If an issuer discloses FLI in writing, it must include warning language, including the issuer’s policy for updating FLI, if that policy goes beyond the requirement in Section 5.8 of the Instrument to update FLI when the next MD&A is issued. Most issuers actually use their caution language to disclaim any obligation to update guidance, unless required by law. Despite this, some issuers will update guidance earlier than required, as they feel there is a market expectation for them to do so. If an issuer has disclosed a policy for updating guidance that goes beyond minimum legal requirements, it should follow its policy.
5. Cautionary language
Cautionary statements in news releases and other documents containing FLI take on greater importance in volatile business and market conditions. The warning language, in addition to being a requirement of the Instrument, can provide a “safe harbour” to the issuer in respect of reliance by anyone who has bought or sold securities on the basis of the disclosure. That is, if such a person were to make a claim against the issuer for having lost money by virtue of reliance on the FLI, the issuer may have a defence based on properly drafted warning language. While cautionary language should never be boilerplate, it is now doubly important for cautionary statements to be thoughtful and tailored to current circumstances.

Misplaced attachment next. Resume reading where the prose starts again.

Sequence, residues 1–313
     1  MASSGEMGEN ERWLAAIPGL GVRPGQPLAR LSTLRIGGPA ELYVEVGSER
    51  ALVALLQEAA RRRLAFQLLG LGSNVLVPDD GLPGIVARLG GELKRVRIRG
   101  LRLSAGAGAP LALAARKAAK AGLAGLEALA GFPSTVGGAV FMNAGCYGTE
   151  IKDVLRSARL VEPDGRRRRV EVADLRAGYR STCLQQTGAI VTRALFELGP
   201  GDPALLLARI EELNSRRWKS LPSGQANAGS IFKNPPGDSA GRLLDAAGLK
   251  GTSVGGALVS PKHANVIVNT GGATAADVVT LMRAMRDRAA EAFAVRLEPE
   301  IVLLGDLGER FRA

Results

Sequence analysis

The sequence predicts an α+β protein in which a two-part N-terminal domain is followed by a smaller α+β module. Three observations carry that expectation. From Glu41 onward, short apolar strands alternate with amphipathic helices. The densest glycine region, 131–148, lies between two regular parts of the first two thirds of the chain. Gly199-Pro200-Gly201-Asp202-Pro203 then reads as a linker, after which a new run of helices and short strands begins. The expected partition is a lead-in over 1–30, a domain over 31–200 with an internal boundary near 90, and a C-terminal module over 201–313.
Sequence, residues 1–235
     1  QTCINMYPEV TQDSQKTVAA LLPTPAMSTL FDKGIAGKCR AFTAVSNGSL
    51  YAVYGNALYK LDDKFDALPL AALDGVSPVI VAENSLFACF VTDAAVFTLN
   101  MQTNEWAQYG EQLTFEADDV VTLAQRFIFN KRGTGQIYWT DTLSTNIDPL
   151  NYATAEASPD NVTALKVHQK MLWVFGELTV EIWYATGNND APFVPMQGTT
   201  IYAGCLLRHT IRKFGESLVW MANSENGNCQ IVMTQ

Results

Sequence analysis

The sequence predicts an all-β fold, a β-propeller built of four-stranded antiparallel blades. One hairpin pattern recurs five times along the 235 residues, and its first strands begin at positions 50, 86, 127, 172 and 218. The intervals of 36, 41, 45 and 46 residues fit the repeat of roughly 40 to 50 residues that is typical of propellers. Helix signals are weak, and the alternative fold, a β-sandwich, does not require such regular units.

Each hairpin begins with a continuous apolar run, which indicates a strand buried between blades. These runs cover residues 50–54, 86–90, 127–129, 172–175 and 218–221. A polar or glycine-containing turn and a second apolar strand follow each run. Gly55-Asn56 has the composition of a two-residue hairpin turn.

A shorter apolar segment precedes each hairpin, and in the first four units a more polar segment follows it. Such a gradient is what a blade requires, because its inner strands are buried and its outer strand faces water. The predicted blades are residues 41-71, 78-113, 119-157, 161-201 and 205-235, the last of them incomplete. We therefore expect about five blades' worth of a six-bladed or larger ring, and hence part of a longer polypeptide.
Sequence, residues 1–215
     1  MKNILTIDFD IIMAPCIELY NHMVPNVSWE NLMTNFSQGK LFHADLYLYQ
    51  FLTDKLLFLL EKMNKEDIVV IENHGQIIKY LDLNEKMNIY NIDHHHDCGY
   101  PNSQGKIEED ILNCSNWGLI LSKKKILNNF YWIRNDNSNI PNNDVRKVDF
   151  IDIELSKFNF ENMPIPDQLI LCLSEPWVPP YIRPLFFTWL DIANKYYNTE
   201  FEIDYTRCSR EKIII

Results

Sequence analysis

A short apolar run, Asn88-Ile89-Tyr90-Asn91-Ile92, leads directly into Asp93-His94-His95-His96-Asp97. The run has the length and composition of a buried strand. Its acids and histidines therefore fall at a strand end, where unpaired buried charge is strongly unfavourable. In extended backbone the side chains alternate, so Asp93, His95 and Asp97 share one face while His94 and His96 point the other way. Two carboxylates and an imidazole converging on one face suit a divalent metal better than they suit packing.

6. Risk factors in MD&A and AIF